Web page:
Tuesday, June 3, 2008


Hillary said today that she's open to being Obama's VP, but I doubt he'll ask her. Why would he want Bill looking over his shoulder?

What's going to keep me awake for the next couple of nights is the gnawing fear that McCain will ask her - and that she'll accept!



My friend Caleb writes with a fun question:

I saw this article a few weeks ago where the Vatican said it was OK to believe in aliens and God. I know you have mentioned the book Rare Earth, which suggests that Earth may be the only planet capable of supporting life, but what do you think personally on this subject? Do you think that there is the possibility of life on other planets, or do you think Earth is the only planet with life? Or, is it impossible to know for sure? I look forward to hearing your thoughts on this.

Here's part of my reply to him with one or two thoughts tacked on:

I agree with the Vatican, Caleb, that it's perfectly okay to keep an open mind on the possibility of extra-terrestrial life (ETL). Such a phenomenon, if it existed, would have no bearing on the existence of God. Everything that exists in the cosmos is a product of God's creative effort and there's really no theological reason to think that we are the only life forms He has chosen to create.

Indeed, it seems to me that although most people might think that the discovery of ETL would be a blow to theism, I think it would be just the opposite. If there is no Creator then the origin of life is so astronomically improbable as to be quite miraculous. No one knows how it could have happened given that chance and physical law are the only factors operating in the universe. The sheer improbability of abiogenesis occurring through purely naturalistic means suggests to me, then, that if there's sentient life elsewhere it's more probable, not less, that there's an intelligence guiding its origin and development.

Having said that I think that there are scientific reasons to be skeptical of ETL. You mentioned the "Rare Earth" problem which for me is the biggest barrier to ETL.

For instance, only a fraction of the 300 billion galaxies in the universe are suitable for higher life, and of that fraction, only a portion of their stars are capable of sustaining life. Of those stars only a fraction would possess the appropriate satellites, and of those that do have planets, there are so many (hundreds) highly improbable physical conditions that the planet would have to meet in order to provide a haven for higher life forms that the odds are not in ETL's favor. See here for some of the qualifications any life sustaining planet would have to have.

To me, then, it seems most reasonable, scientifically speaking, to assume that intelligent life probably exists nowhere else but here.


Global Warming Skepticism

I've had this in the queue to be added to Viewpoint for about a week so it's old news by now, but in case some readers may have missed it, here's an interesting story about one very prominent global warming skeptic:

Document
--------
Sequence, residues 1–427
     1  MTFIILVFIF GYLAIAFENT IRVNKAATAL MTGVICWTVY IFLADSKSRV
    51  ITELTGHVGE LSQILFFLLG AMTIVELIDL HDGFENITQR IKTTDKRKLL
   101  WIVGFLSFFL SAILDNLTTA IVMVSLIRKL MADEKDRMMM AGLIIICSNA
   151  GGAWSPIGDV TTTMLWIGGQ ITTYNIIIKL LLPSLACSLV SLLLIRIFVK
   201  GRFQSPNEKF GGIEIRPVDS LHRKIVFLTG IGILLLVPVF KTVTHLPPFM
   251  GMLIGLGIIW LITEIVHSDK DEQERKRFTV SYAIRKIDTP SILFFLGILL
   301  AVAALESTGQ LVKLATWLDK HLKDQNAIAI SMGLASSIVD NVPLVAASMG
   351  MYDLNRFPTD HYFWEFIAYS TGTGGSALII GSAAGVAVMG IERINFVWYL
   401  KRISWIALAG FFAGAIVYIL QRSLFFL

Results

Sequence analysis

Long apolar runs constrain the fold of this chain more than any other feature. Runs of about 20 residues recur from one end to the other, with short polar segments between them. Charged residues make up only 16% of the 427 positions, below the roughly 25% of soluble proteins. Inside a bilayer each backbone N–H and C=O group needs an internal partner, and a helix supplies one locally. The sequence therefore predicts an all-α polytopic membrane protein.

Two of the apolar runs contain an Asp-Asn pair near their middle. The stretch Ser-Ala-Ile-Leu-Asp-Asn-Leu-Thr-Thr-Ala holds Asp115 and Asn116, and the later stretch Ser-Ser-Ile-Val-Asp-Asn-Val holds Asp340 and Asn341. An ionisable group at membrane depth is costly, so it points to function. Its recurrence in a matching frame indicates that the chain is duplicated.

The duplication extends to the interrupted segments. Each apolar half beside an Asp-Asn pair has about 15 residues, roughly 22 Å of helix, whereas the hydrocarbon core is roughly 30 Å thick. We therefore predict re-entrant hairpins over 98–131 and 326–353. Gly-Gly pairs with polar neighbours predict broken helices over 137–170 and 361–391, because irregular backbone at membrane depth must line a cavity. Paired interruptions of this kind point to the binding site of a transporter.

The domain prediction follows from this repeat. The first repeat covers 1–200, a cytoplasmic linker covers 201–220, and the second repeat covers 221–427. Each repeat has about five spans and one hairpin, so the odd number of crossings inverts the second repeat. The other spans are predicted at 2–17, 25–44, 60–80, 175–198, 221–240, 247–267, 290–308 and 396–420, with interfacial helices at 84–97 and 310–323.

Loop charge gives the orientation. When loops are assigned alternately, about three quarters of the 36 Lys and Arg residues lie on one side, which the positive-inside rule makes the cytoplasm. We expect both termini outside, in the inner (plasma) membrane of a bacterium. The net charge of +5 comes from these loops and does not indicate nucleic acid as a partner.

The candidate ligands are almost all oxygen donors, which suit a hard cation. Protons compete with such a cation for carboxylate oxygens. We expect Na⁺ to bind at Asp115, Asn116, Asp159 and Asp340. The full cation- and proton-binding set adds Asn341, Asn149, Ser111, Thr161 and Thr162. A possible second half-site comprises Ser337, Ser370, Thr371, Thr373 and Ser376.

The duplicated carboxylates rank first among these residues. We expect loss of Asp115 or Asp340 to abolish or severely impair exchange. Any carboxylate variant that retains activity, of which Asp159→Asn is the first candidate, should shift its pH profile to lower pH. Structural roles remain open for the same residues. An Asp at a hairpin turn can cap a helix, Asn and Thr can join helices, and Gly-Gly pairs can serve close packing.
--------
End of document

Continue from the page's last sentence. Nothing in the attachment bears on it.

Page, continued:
Czech President Vaclav Klaus said Tuesday he is ready to debate Al Gore about global warming, as he presented the English version of his latest book that argues environmentalism poses a threat to basic human freedoms. "I many times tried to talk to have a public exchange of views with him, and he's not too much willing to make such a conversation," Klaus said. "So I'm ready to do it."

Klaus was speaking a the National Press Building in Washington to present his new book, Blue Planet in Green Shackles - What Is Endangered: Climate or Freedom?, before meeting with Vice President Dick Cheney Wednesday.

"My answer is it is our freedom and, I might add, our prosperity," he said.

Klaus, an economist, said he opposed the "climate alarmism" perpetuated by environmentalism trying to impose their ideals, comparing it to the decades of communist rule he experienced growing up in Soviet-dominated Czechoslovakia.

"Like their (communist) predecessors, they will be certain that they have the right to sacrifice man and his freedom to make their idea reality," he said.

"In the past, it was in the name of the Marxists or of the proletariat - this time, in the name of the planet," he added.

Klaus said a free market should be used to address environmental concerns and said he opposed as unrealistic regulations or greenhouse gas capping systems designed to reduce the impact of climate change.

"It could be even true that we are now at a stage where mere facts, reason and truths are powerless in the face of the global warming propaganda," he said.

Klaus alleged that global warming was being championed by scientists and other environmentalists whose careers and funding requires selling the public on global warming.

"It is in the hands of climatologists and other related scientists who are highly motivated to look in one direction only," Klaus said.

It would be interesting to hear Al Gore, or anyone on his side of the issue, debate a knowledgeable critic. The global warming people, however, seem unwilling to engage their opponents in public dialogue. Or have there been debates that I am not aware of?